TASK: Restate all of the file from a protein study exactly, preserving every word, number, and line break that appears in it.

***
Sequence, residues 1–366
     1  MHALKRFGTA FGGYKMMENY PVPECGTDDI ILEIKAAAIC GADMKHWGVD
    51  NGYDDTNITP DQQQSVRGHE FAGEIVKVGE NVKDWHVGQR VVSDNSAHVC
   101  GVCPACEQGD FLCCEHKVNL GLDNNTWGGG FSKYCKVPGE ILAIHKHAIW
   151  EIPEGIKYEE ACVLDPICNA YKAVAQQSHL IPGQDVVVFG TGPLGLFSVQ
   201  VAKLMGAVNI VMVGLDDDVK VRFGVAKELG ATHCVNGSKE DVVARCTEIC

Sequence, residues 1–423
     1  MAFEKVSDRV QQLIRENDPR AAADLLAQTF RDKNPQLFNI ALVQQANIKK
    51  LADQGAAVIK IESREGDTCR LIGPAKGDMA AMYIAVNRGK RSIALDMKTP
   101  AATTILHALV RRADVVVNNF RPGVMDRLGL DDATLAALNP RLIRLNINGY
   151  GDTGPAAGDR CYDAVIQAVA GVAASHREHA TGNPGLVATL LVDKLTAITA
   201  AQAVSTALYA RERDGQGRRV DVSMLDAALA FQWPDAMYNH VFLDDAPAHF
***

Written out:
Sequence, residues 1–366
     1  MHALKRFGTA FGGYKMMENY PVPECGTDDI ILEIKAAAIC GADMKHWGVD
    51  NGYDDTNITP DQQQSVRGHE FAGEIVKVGE NVKDWHVGQR VVSDNSAHVC
   101  GVCPACEQGD FLCCEHKVNL GLDNNTWGGG FSKYCKVPGE ILAIHKHAIW
   151  EIPEGIKYEE ACVLDPICNA YKAVAQQSHL IPGQDVVVFG TGPLGLFSVQ
   201  VAKLMGAVNI VMVGLDDDVK VRFGVAKELG ATHCVNGSKE DVVARCTEIC

Sequence, residues 1–423
     1  MAFEKVSDRV QQLIRENDPR AAADLLAQTF RDKNPQLFNI ALVQQANIKK
    51  LADQGAAVIK IESREGDTCR LIGPAKGDMA AMYIAVNRGK RSIALDMKTP
   101  AATTILHALV RRADVVVNNF RPGVMDRLGL DDATLAALNP RLIRLNINGY
   151  GDTGPAAGDR CYDAVIQAVA GVAASHREHA TGNPGLVATL LVDKLTAITA
   201  AQAVSTALYA RERDGQGRRV DVSMLDAALA FQWPDAMYNH VFLDDAPAHF